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The surgery  lasted about 90 minutes and was performed by veterinarian Ignacio Tan. -Image  Edmonton Journal

Besides his extra legs Pauly also had hip dysplasia and what looked to be an extra kidney. The ‘kidney’ actually turned out to be another pair of testicles. Dr. Ignacio Tan did a lot of research and consulted specialists prior to performing the straightforward procedure which was made easier due to the fact the legs weren’t connected to other organs.

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Pauly’s xray – Image Pauly’s Journey on Facebook

Video of Pauly can be seen here

Pauly underwent the surgery at the end of August and is currently in a foster home where he is reported to be making progress and taking it easy. He has gone through quit an ordeal living that long with his impairment and being abandoned on the streets. Once he is fully recovered and rehabilitated he will be ready for adoption.

For more on Pauly, and to check out his progress, be sure to head over to Pauly’s Journey on Facebook.

Cats Are Lucky

It’s never too late for a Caturday Post…I was doing a little clean up and found this.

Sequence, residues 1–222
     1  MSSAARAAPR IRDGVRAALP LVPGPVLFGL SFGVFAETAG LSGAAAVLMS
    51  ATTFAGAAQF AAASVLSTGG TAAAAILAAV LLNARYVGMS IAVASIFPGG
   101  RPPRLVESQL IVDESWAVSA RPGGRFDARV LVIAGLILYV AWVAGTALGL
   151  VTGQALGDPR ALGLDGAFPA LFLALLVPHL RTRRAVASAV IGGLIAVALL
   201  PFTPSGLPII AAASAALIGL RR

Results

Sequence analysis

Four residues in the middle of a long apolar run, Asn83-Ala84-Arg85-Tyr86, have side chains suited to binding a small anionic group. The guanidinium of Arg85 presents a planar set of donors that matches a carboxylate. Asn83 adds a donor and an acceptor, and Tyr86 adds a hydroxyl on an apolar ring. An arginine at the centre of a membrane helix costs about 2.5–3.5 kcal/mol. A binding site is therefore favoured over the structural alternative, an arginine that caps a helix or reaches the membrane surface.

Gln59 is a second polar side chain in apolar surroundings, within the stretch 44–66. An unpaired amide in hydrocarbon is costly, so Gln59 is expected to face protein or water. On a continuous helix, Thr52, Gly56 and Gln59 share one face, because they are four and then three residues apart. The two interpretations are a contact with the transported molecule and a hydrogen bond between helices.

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My sister sent me a text (poor quality pic) with this. She found it a gas station in Alberta.   Lotto “Scratch n’ Win” tickets called Pet Talk – Cat Chat! The ticket can win up to 9 times!

I immediately replied “You have to bring one back for me! Wait, do they have different cats? You will have to collect a few for me then.”  It was then followed by “So why don’t we have these in Ontario? Seriously we love pets and cats here why doesn’t Ontario Lottery Corp have these?” I feel completely ripped off.

She couldn’t find them anywhere other than the gas station, but I did end up with this handsome kitty 🐱

Pet Talk, Cats, Cat Chat, Scratch n Win

Cats are lucky…I completely forgot I had it! It’s still unscratched….do you think its a winner?